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In my perusal of the macro landscape that I perform at the beginning of each year, I always attempt to find a shared thread, a common denominator that strings together macro themes and financial markets' prevailing consensus thinking. This is the age-old financial calculus of comparing perception against reality, and trying to figure out how to make a buck in the spaces that can exist between the two. Sometimes that distance between reality and perception is a small gap that gets arbitraged away in a relative instant. Sometimes that gap is yawning and persistent. And from my looking around, it seems that now is one of those times when yawning and persistent are potentially more apt adjectives than small and instant.

Consider the following important financial market gauges:

The US dollar
Interest rates

The prevailing consensus assumptions are remarkably unanimous toward the trends in each of these important markets, in some cases near or exceeding records of consensus unanimity that stretch back many years. Those assumptions are thus (with given reasons in parentheses):

The US Dollar will continue to fall (US CAD, domestic GDP growth)
Gold will continue to rise in dollar terms (US CAD, excessive monetary reflation)
Equities will continue to advance smartly (US profits recovery, bond-to-stock allocation)
Interest rates are set to rise (profits recovery, inflation, foreign capital flight)
Inflation is set to rise substantially (excess reflation, US profits recovery)
Commodity prices will get more expensive (China, US profits recovery)

I need not detail the remarkable level of confidence that the Street has in each of these trends, whether one looks at consensus measures, commitment of traders data, Barron's and Wall Street Journal roundtables, etc. There are few, if any, asset allocators, PMs, economists, or traders that believe the above trends won't become more entrenched in 2004.

One doesn't have to be committed to the contrarian style of investing to feel awfully nervous when so much of the Street is standing on one side of the boat. You already know that "obvious" trends can persist longer than a rational mind might presume. But having said that, I think a mental exercise of trying to find that common denominator among these prevailing views is an exercise worth undertaking.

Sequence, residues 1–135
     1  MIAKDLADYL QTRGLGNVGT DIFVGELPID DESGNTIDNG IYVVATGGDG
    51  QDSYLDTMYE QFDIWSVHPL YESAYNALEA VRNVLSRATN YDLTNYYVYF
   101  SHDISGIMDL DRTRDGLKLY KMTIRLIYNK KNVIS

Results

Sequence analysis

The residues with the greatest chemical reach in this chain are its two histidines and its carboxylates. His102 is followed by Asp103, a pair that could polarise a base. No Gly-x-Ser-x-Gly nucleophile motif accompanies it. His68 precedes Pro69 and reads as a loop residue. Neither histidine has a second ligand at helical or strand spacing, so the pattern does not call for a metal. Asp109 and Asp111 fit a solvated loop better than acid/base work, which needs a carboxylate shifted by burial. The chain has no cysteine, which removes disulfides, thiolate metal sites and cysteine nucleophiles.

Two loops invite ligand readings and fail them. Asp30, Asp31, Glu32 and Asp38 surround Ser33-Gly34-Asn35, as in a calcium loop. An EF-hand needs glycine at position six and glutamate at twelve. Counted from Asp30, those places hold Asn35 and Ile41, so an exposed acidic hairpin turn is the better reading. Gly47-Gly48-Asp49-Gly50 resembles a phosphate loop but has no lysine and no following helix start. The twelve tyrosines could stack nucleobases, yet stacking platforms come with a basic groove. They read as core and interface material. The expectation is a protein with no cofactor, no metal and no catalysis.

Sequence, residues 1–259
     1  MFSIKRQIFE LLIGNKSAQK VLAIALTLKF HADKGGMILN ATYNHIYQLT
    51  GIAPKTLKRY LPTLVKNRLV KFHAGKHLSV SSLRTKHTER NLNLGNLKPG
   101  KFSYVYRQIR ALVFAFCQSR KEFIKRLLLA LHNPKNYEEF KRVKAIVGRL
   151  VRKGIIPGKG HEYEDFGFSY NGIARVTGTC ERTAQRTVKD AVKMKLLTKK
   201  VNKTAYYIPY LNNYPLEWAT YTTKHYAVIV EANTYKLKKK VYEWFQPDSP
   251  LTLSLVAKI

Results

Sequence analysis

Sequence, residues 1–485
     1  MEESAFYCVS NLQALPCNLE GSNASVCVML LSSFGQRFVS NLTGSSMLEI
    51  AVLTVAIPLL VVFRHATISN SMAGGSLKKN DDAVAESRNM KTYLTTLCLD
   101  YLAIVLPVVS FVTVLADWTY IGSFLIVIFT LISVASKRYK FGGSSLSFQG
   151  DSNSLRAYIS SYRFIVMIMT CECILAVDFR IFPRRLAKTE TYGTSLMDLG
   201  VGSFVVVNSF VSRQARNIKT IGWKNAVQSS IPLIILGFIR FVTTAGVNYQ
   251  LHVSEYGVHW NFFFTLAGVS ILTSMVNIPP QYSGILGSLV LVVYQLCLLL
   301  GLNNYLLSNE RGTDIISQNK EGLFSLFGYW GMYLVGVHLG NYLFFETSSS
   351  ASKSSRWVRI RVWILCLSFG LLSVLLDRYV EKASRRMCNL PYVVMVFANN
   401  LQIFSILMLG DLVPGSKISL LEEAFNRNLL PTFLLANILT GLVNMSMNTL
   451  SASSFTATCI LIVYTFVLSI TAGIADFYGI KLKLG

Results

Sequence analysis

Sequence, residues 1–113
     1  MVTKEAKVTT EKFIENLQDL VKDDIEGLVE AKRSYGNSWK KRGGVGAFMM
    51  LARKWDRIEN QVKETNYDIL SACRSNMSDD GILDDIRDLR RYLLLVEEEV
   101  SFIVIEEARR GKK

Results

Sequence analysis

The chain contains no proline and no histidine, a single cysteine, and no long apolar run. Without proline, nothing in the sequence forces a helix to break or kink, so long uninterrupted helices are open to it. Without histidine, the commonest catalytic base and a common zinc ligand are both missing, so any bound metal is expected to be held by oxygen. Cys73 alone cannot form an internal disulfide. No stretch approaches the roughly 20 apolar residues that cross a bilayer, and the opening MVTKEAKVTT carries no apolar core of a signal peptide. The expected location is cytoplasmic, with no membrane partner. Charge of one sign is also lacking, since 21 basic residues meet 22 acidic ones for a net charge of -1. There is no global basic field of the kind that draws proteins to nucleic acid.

As Brian and John have pointed out frequently, different financial markets often have times when they lack any real correlation: the price of gold, the price of important commodities, or stock prices can act in ways that have no clear macroeconomic relationship. Sometimes stocks go up with bonds, sometimes they go down when bonds go up. And finding a common thread among all six of the markets above is even more difficult and rare.

Interestingly, there is, in fact, one thing that could make each of the well-understood assumptions in each of those markets wrong; one thing that would cause the greatest amount of money to be lost by the most number of participants. There is one thing that could make the price of gold go down, the US dollar go up, inflation go down, bonds go up, stocks go down, and commodities go down.

Another recession in the US.

You already know that the world's economy is US-centric, so as the US goes, so goes the world. A recession in the US would dampen demand for industrial commodities (China is buying commodities more to make export goods sold to US consumers than to create strategic stockpiles or to satisfy domestic goods demand), lowering their price. Declining world economic growth would impact foreign economies more than the US, so gold prices could fall and the US dollar could rise as any monetary crisis would be averted and the US$ would remain the global reserve currency. A US recession would also cause disinflation, cause bond prices to rise, and send US stocks falling on slower economic growth.

None of these things have to happen, of course; these markets could follow diverse paths in 2004 not impacted by any common macro event. But the fact that one macro event, a US recession that literally no one (see the WSJ economists poll) is predicting, could make the prevailing consensus thinking wrong in each important financial market, is interesting indeed. And at least worth noting.
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